See EU Later: Is Brexit A Touring Castastrophe Or Just The Next Millennium Bug?

– Brexit
A Touring Castastrophe Or Just The Next Millennium Bug?

Let’s be honest: politics, to many of us, has become a charade, and perhaps nowhere has this become more apparent than in the U.K., which for years has been trying to work out a feasible plan for leaving the European Union. 
Several political leaders came, saw and miserably failed at implementing a form of Brexit that would answer more questions than it poses. Now that a no-deal Brexit has been decided, it is time to look at the implications for live touring in Europe.
Pollstar reached out to Dr. Dick Molenaar of All Arts Tax Advisers and Louise Smit, of trucking company Pieter Smit, both of whom have to be well-prepared for any potential ramifications Brexit will have on their respective businesses and touring across Europe once the grace period ends at the end of 2020.
It’s safe to say that the transport of goods like band equipment and stage production from the U.K. to Europe and vice versa will be pretty straightforward after Brexit. The freedom of movement of people, however, still needs to be worked out.
Dr. Dick Molenaar
– Dr. Dick Molenaar
Tax partner with All Arts Tax Advisers in Rotterdam, the Netherlands, adviser to many Dutch and international artists, sportsmen, companies and institutions, with main focus on music.

According to Molenaar, the visa situation still needs to be worked out prior to Dec. 31, which is the grace period in which both the U.K. and the EU need to work out a plan. 

“There have already been some publications from both sides for the no-deal scenario, which state that they unilaterally accept short-term visits without visa requirements,” Molenaar explained. “So I expect that there will come an agreement on that.”
Smit agrees, saying, “Chances are slim that a visa for U.K. nationals will be required.” 
It’s likely that U.K. nationals will be treated the same as nationals from around 60 countries not part of the EU, who are currently exempted from any visa obligations in Europe for a stay of up to 90 days within a period of 180 days per year.
There could, however, arise the need for some form of working permit for musicians and crew performing across Europe, although specific details in that vein were unclear at press time. 
The third option would be that the U.K. follows Norway, which is part of the European Economic Area, but without having an actual seat in Brussels.
“With this option, there would still be free movement of persons, as the U.K. will remain in the single market,” Smit explained.
The U.K. government’s most recent update on the visa situation for touring musicians, published Feb. 19, reads as follows: “We will not be creating a dedicated route for self-employed people. We recognise that there are several professions where there is a heavy reliance on freelance workers.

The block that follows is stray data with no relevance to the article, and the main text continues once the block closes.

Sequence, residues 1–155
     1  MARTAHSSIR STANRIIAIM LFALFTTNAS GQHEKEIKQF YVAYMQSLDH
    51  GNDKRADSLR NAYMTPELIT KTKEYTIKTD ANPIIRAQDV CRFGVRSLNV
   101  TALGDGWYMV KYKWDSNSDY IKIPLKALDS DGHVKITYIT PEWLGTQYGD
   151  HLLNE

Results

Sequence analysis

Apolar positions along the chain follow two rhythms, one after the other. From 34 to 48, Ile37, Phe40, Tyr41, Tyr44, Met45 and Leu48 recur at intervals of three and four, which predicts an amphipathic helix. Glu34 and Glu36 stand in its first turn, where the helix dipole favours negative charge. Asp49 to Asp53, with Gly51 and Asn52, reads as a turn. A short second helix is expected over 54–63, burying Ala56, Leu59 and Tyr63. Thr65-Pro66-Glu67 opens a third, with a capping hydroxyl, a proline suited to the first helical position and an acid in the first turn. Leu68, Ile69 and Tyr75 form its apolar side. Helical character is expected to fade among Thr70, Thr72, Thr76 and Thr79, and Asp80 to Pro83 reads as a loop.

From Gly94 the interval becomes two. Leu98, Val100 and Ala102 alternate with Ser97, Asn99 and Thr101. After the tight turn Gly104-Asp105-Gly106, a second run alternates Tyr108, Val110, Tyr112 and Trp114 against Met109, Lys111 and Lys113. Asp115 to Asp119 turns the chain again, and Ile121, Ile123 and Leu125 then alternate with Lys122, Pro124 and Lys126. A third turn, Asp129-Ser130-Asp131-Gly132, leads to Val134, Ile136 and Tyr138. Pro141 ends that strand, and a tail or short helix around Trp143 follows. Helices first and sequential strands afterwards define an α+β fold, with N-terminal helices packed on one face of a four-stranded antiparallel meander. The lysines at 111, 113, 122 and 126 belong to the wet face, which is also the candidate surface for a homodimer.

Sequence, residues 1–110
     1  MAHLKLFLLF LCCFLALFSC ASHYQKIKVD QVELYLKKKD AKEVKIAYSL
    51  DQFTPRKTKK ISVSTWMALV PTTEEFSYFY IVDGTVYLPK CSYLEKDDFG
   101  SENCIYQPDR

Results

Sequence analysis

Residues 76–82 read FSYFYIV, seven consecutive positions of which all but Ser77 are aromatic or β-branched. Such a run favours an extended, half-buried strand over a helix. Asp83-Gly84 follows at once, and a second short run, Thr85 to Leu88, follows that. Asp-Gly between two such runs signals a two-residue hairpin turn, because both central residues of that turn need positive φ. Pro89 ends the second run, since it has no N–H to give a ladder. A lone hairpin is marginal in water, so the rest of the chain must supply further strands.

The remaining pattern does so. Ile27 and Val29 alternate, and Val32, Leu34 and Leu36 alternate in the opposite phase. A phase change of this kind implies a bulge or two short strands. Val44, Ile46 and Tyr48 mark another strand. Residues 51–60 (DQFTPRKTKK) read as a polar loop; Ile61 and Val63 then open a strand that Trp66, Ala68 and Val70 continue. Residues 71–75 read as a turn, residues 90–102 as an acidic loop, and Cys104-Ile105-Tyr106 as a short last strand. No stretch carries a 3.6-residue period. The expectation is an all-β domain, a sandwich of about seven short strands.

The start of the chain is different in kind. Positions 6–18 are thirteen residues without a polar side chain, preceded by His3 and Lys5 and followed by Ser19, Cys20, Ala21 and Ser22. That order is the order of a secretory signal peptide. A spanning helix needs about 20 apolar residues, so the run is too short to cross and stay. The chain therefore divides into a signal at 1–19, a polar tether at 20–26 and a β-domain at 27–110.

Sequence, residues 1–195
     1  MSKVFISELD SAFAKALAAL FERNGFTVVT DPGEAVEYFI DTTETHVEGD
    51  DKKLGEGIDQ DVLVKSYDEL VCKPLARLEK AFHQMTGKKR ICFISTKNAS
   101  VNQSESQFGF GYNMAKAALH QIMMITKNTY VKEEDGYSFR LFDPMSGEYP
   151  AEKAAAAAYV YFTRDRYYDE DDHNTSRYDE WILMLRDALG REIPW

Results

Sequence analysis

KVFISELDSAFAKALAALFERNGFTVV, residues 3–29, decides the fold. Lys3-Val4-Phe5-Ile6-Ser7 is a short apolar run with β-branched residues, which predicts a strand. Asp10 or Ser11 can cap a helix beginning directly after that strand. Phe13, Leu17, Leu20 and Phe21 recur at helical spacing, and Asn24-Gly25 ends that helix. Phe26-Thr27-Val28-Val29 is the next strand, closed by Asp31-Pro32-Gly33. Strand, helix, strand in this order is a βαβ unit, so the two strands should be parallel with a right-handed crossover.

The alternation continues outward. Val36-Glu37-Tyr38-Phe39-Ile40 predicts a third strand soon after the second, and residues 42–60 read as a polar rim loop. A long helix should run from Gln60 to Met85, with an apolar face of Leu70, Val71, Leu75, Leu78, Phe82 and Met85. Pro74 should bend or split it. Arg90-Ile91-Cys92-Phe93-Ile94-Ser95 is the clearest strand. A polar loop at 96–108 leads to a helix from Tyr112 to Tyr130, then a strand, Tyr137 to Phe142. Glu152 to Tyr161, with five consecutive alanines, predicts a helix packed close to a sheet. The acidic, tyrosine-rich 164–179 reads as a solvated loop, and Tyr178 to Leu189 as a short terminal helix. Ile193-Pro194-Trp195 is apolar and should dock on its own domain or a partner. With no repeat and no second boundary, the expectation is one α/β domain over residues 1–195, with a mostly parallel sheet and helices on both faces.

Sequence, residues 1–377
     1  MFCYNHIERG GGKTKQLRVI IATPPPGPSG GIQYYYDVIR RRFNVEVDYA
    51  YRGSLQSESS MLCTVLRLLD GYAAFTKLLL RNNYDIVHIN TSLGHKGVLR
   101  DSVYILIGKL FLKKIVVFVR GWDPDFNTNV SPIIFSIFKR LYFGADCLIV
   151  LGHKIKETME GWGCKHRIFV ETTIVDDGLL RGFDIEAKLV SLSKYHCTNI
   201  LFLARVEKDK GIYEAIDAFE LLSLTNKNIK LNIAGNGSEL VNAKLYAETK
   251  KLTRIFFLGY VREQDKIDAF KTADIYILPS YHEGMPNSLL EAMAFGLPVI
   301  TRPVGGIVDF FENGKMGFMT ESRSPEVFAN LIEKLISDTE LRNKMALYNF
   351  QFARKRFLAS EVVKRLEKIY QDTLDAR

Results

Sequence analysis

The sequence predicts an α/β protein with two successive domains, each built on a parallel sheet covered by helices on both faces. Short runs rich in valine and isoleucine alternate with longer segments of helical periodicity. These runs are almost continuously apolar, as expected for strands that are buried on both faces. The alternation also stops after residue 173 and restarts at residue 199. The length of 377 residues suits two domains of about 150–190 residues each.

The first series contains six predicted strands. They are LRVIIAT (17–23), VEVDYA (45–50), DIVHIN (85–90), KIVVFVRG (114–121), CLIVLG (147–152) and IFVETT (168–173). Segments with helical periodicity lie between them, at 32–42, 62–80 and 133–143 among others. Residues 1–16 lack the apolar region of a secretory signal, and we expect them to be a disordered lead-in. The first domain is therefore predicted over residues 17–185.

“They will continue to be able to enter the U.K. under the innovator route and will in due course be able to benefit from the proposed unsponsored route. The U.K. already attracts world class artists, entertainers and musicians and we will continue to do so in the future. The U.K.’s existing rules permit artists, entertainers and musicians to perform at events and take part in competitions and auditions for up to six months. They can receive payment for appearances at certain festivals or for up to a month
for a specific engagement, without the need for formal sponsorship or a work visa.”
Louise Smit
– Louise Smit
The Master of Laws works in Sales at her father’s trucking company Pieter Smit

Both Molenaar and Smit agree that crossing the border with equipment will most likely require the filling out of paperwork, so-called carnets, which British promoters have been using forever in other markets.

As U.K. promoter/impresario Harvey Goldsmith told Pollstar in 2019, “We work with carnets now for touring equipment, so I don’t see why it would be any different. The minute you come out of the EEC, if you’re going into Switzerland, you have to have a carnet, if you go outside the EEC you have to have a carnet, go to America you have to have a carnet.” 
New paperwork will also be required for social security. According to Molenaar, “A1 [certificates] will not apply anymore after 2020.”
Smit said a no-deal Brexit will change the rules around road freight transport. “The European Commission set up guidelines for the negotiations on a new partnership with the U.K. In this document, the EC declared that in respect of road freight transport operations, UK road haulage should not keep the same rights and benefits that apply to EU road haulage. It depends per company if their services are marked as cabotage.”
The fact that the EU already has working agreements in place with so-called third countries should make people at least a tad confident that similar smooth solutions will be reached with the U.K.
Whatever the new touring reality in Europe will look like, the up-and-coming artists are most likely to suffer, as they are less likely to afford additional costs for permits, visas and carnets, or simply won’t have the manpower to deal with it.
Molenaar admits “it is more bureaucracy” but remains confident that “with good agents/managers the paperwork can be dealt with properly.”
“To be honest, I expect that in three years’ time we will look back and ask ourselves what we bothered about so much. It may become the same experience as the millennium bug in the year 2000.”